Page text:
Meanwhile, LIXIL is marking World Toilet Day with the roll out of a new series of innovative SATO products across multiple states in India. SATO is a first-of-its-kind line of innovative toilet and sanitation products designed to bring improved sanitation and comfort to rural and peri-urban communities around the world.
With the launch of its latest products in India, LIXIL aims to further improve sanitation and raise the standards of living for impacted communities worldwide. Retailing for $10 or less depending on the country and model, the products incorporate a self-closing trap door that aids in reducing disease transmission and odors, making the toilet safer and more pleasant to use.
The new range of SATO products also feature a carefully tailored design that addresses some of the design challenges hindering sustainable use of toilets in India. Since the introduction of Swachh Bharat Mission in India — the government’s initiative to eradicate open defecation by 2019 — the number of people still defecating in the open has dropped from 550 million people to an estimated 320 million people.
Approximately 47,000 Twin-Pit Pour-Flush (TPPF) latrines are built in India every day, but most require more than five liters to flush and feature a junction box for switching between pits that is prone to clogging. The new generation of SATO uses a V-trap configuration connecting the twin pits. This design makes switching between the two pits easier and eliminates clogging. The SATO V-trap connection system also requires 80 percent less water per flush.
The new series of SATO products is currently available in India’s Madhya Pradesh and Uttar Pradesh states, with launches in eight new states planned within the next three months.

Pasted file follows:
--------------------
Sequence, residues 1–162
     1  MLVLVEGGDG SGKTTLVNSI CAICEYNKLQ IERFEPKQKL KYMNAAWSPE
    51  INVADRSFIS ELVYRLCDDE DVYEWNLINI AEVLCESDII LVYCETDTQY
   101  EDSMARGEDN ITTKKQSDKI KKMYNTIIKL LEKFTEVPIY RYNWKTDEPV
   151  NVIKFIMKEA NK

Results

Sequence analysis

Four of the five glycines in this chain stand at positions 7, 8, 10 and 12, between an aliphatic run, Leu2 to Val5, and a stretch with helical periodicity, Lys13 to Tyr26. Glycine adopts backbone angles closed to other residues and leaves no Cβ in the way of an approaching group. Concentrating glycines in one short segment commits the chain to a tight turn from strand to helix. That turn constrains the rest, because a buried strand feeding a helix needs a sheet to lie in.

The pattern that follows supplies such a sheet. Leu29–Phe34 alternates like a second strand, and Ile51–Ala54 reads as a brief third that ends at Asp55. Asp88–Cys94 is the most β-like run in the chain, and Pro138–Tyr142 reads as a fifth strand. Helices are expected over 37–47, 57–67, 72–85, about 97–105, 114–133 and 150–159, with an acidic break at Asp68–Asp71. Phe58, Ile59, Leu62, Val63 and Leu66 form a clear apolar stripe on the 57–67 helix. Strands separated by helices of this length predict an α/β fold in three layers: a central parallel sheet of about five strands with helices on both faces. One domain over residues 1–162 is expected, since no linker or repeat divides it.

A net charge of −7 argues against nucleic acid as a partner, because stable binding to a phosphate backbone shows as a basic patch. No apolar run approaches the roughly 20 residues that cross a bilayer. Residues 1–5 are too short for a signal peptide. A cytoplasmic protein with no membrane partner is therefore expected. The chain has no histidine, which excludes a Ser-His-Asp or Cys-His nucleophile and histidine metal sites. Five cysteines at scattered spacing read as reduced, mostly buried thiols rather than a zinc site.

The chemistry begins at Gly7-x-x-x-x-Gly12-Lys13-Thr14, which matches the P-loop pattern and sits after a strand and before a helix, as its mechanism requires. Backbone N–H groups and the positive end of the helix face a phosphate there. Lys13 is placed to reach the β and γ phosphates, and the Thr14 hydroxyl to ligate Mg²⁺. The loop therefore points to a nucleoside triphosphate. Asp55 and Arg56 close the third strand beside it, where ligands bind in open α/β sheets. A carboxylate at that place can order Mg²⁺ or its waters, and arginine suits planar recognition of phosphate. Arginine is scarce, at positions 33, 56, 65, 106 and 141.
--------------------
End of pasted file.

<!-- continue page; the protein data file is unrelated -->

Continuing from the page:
“Over the last year, we have scaled our efforts to improve access to safe sanitation for communities around the world, including in India. By supporting the Swachh Bharat Mission in India, we can expand our efforts and make a real contribution to solving the sanitation crisis,” said Jin Monesano, Executive Officer and Senior Managing Director of LIXIL Group. “We believe that offering innovative, safe and affordable solutions can aid in eliminating India’s struggle against open defecation.”
Meanwhile, Kimberly-Clark — maker of global toilet tissue brands Cottonelle, Scott, Andrex, Neve, Hakle and Suave — is encouraging more people to pause on World Toilet Day and consider how the lack of basic sanitation facilities profoundly affects peoples’ lives.
Around the globe, one child dies every two minutes from diseases caused by poor water, sanitation and hygiene. Millions of girls miss school every month because they do not have access to adequate facilities to manage their periods privately and with dignity. Women and girls often have to wait until after dark to defecate and urinate, often in secluded spots, exposing them to risk of violence and attack.
The need for global action on access to sanitation prompted Kimberly-Clark to launch the Toilets Change Lives program in 2014. Delivered in partnership with UNICEF, WaterAid and Water for People, the program is now active in more than 15 countries around the world. To date, the Toilets Change Lives program has directly impacted the lives of 500,000 people living in countries such as Angola, Bangladesh, India, South Africa, Brazil, Bolivia, Peru, Guatemala, Honduras and Nicaragua, with the wider community impact reaching over one million. The program aims to elevate this number to 25 million by 2022 through increased access to sanitation.